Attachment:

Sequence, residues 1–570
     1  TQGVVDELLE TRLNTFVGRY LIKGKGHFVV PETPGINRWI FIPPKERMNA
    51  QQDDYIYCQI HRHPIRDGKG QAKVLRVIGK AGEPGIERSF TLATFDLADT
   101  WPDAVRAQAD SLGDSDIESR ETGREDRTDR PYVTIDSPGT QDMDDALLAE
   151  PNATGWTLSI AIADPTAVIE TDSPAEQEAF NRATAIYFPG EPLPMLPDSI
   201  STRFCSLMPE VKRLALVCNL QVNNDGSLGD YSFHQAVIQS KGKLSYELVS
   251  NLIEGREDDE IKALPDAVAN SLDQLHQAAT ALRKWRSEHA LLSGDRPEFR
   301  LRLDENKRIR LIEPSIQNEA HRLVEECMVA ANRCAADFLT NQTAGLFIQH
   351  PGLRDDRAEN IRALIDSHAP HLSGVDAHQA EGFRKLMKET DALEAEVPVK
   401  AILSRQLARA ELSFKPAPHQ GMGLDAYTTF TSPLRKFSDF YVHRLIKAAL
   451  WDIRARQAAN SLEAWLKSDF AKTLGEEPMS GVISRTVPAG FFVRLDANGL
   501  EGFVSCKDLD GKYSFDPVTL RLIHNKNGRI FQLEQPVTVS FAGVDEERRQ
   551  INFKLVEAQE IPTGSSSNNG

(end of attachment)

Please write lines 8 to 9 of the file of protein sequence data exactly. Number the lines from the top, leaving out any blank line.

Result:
   301  LRLDENKRIR LIEPSIQNEA HRLVEECMVA ANRCAADFLT NQTAGLFIQH
   351  PGLRDDRAEN IRALIDSHAP HLSGVDAHQA EGFRKLMKET DALEAEVPVK